One looked out onto a huge expanse of rolling, tumbled landscape that stretched to the horizon. In the distance the barking of the Chacma baboons broke the otherwise miles of silence. The stately rock formations and the stillness inspired a feeling of hallowedness. I noticed we had suddenly started whispering quite naturally, as if we were afraid to disturb the holy serenity we often associate with cathedrals or cemeteries.
Rhodes’ tomb stands almost in the centre. It is simply and unpretentiously hewn out of rock and covered with a large, bronze plaque with the inscription, ‘Here lie the remains of Cecil John Rhodes’. World’s View is also the burial place of his right hand man, Leander Starr Jameson, the first prime minister of Rhodesia, Coghlan, Alan Wilson and the soldiers who died in the Shangani Patrol. To one side there stands an imposing stone and bronze memorial to them. Unlike other graveyards, there is nothing dismal and sad about this one; instead, it a sunny place of grandeur and dignity.
As I stood there looked at the view that has remained unaltered over the years, I realised that although the country was on the brink of enormous change, these hills were timeless. I wondered how many know that World’s View was the sacred and revered place of the Ndebele people? Mzilikazi called it ‘Malindidzimu’, meaning ‘The Hill of Benevolent Spirits’. I was puzzled why this great Ndebele king was not interred on this splendid place of his African spiritual ancestors as well. Instead, he rests in a lonely, hidden and walled up cave amongst the kopjes. Did he choose that place?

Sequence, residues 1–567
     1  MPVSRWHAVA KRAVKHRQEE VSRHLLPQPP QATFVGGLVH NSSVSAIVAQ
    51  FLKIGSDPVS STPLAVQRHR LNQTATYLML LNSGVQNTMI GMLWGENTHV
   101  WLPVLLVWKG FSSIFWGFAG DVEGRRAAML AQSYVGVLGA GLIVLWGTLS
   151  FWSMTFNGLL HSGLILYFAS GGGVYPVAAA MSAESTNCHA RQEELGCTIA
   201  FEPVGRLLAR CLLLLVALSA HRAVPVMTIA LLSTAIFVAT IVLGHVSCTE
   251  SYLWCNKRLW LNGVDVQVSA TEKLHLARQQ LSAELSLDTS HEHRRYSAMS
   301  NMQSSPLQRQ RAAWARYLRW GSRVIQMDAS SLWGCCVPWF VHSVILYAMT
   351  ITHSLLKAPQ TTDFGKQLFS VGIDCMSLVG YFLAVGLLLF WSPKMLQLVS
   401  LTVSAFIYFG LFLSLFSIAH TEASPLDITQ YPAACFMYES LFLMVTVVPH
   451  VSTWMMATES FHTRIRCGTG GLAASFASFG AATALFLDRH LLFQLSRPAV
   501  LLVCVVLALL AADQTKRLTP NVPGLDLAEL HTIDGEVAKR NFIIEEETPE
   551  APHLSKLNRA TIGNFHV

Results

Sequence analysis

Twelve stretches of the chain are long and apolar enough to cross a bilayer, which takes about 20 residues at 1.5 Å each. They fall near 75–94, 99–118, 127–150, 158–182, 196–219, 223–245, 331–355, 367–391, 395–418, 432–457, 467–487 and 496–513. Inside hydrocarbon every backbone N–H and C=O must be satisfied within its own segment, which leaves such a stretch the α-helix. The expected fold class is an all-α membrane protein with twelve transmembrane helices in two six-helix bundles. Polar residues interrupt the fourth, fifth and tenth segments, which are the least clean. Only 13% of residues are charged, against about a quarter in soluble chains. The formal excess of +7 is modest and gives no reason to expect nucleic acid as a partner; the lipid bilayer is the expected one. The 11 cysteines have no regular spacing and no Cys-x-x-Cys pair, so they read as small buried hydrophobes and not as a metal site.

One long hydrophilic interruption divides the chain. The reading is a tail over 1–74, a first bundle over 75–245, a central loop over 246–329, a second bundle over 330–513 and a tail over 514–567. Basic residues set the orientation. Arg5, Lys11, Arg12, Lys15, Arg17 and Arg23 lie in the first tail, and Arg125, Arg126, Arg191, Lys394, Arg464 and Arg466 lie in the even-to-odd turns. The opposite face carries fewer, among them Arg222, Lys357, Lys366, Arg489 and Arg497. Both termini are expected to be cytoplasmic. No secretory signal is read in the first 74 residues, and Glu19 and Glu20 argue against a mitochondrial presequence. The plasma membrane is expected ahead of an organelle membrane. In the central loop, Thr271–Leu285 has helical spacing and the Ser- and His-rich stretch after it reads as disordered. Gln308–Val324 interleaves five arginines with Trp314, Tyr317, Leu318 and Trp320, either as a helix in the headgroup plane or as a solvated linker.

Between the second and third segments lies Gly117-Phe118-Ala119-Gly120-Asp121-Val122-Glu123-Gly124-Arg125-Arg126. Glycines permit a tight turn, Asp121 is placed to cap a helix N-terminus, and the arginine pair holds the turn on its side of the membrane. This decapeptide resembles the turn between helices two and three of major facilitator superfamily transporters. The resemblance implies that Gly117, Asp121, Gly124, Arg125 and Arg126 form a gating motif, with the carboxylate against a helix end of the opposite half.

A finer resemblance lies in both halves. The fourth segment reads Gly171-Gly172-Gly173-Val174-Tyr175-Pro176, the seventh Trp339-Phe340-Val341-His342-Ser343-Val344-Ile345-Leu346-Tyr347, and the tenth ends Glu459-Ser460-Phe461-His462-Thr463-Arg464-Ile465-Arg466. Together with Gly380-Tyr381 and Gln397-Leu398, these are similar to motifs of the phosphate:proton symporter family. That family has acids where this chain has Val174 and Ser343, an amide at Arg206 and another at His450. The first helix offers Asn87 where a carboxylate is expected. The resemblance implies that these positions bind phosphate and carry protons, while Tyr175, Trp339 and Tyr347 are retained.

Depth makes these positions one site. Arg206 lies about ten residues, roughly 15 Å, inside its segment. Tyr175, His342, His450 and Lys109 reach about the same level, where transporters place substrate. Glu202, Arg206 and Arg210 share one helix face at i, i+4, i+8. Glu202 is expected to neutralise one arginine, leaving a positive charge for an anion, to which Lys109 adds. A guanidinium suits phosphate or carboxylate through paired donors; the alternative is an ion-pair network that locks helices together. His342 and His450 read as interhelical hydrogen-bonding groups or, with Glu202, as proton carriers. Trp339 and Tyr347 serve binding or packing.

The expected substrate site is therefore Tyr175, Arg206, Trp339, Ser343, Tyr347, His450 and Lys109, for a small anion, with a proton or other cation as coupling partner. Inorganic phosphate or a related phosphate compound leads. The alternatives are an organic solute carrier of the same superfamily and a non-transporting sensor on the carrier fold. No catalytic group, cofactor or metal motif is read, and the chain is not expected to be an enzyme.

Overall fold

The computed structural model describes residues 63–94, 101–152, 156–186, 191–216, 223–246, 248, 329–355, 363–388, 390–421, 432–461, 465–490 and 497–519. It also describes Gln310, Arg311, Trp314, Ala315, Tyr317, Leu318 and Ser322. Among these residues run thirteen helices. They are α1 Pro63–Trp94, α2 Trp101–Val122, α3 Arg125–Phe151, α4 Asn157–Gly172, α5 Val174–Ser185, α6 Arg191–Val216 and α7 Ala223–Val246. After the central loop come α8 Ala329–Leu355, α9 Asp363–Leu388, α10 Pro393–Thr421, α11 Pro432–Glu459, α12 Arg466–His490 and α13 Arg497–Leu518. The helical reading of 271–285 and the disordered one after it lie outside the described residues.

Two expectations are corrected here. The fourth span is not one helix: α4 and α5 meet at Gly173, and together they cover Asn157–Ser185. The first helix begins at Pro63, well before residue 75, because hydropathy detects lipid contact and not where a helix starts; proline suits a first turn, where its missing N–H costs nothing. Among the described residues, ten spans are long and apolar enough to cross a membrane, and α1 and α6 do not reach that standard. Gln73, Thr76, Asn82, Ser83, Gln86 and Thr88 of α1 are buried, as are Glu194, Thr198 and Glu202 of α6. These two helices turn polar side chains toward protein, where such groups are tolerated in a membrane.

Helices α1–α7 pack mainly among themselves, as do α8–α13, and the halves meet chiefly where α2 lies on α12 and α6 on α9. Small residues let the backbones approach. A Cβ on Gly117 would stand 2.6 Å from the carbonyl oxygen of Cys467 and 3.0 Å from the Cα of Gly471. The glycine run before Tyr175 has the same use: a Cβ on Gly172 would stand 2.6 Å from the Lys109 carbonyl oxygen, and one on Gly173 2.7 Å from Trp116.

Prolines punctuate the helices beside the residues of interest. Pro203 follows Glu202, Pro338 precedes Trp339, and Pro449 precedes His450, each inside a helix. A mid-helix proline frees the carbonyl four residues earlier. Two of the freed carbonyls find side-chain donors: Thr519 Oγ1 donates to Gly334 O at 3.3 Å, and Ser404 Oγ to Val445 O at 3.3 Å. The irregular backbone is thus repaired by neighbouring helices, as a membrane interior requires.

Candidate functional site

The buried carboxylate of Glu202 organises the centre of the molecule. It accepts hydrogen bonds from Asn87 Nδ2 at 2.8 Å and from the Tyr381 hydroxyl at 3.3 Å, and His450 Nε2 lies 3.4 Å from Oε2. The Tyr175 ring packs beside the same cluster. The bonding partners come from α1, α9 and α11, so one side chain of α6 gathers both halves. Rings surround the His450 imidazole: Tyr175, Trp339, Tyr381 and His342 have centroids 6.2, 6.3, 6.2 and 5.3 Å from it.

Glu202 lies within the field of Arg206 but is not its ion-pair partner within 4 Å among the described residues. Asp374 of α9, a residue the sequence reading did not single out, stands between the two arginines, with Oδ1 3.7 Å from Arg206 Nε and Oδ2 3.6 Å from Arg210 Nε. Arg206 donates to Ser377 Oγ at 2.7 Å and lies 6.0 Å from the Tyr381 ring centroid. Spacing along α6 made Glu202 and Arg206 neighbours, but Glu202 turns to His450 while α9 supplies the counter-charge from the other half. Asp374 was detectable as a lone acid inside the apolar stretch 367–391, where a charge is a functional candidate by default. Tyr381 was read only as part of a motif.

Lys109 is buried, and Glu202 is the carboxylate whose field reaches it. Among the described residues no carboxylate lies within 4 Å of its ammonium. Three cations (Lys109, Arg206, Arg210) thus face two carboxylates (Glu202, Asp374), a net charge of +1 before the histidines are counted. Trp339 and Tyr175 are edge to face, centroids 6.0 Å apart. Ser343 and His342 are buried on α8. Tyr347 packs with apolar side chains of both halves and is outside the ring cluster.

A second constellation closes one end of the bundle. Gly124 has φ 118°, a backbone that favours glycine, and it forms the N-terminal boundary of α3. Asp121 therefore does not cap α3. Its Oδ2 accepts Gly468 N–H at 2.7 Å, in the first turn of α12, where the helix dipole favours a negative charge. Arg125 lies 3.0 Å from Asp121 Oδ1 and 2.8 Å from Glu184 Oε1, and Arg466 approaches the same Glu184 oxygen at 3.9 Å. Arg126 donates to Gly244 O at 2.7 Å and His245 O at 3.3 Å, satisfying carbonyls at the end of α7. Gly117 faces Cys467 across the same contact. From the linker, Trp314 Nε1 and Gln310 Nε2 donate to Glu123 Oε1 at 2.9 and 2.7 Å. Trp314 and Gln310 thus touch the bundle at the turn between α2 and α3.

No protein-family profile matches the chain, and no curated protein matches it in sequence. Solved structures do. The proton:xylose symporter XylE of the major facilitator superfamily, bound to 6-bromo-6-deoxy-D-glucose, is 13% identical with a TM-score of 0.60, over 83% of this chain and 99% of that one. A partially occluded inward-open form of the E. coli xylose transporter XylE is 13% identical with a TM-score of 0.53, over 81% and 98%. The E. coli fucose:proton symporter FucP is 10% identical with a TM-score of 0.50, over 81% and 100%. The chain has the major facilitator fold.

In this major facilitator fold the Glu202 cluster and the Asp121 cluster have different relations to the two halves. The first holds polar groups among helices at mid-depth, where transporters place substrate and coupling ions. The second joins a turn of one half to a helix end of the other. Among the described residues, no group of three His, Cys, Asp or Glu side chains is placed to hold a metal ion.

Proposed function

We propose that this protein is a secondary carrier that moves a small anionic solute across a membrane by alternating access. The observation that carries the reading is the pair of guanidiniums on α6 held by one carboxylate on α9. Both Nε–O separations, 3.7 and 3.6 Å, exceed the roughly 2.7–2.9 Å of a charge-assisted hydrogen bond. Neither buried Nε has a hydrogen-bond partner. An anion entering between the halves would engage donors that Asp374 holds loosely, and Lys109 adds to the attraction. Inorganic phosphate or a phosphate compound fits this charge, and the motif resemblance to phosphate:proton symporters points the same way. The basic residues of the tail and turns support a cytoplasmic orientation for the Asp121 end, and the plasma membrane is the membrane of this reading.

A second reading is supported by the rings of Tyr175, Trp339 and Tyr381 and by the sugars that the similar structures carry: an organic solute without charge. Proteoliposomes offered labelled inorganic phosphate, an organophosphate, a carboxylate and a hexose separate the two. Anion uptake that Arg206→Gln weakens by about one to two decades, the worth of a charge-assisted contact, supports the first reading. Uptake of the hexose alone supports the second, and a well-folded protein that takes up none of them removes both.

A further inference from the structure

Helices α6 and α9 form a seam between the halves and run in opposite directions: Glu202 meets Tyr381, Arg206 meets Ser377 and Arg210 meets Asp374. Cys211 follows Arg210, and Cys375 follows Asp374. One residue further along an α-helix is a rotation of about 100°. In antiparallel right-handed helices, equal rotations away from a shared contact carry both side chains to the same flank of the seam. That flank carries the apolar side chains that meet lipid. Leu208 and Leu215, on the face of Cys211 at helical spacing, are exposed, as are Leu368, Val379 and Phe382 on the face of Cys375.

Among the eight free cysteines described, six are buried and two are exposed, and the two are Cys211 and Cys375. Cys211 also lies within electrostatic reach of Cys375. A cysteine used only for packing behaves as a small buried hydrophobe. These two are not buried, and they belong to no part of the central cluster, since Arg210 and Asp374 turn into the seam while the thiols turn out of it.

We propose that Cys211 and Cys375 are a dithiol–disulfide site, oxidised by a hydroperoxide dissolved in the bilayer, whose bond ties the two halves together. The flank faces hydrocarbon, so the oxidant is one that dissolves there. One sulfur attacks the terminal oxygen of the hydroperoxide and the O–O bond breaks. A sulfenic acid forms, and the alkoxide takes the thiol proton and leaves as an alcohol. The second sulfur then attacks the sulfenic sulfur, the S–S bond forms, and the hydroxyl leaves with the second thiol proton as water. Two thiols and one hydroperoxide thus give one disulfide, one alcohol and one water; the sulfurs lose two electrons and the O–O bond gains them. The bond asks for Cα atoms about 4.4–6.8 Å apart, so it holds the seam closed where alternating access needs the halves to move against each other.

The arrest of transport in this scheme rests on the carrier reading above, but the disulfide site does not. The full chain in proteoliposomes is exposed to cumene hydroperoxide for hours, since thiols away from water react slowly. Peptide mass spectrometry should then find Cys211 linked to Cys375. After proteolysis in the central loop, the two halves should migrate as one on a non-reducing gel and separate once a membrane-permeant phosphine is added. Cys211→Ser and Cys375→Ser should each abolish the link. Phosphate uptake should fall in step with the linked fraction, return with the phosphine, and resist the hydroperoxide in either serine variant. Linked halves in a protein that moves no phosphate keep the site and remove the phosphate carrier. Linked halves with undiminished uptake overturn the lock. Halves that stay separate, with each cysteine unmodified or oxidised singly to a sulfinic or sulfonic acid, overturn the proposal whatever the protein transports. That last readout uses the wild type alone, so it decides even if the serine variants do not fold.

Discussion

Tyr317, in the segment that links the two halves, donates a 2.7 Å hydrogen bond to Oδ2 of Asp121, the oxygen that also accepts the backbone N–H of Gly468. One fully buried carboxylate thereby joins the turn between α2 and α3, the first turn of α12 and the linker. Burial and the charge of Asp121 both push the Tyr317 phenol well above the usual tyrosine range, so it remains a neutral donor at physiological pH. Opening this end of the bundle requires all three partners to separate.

About the author
Elizabeth Ann Smith was born in South Africa and spent her early years on her grandparent’s small holding. After her father returned from fighting in the Second World War, they went to his family home in England and I attended Hitchen Girls grammar school. But her parents were restless and after a while returned to Africa, settling in Zimbabwe, a country we all fell in love with. She completed her education at the Dominican Convent, Bulawayo, and was a pioneering student at the new Heany Teachers’ Training College. She and her husband lived in Malawi for many years and had five daughters. She is now retired and lives in Pietermaritzburg.
The search for Paradise lost is available from http://sbprabooks.com/ElizabethAnnSmith/Post published in: Arts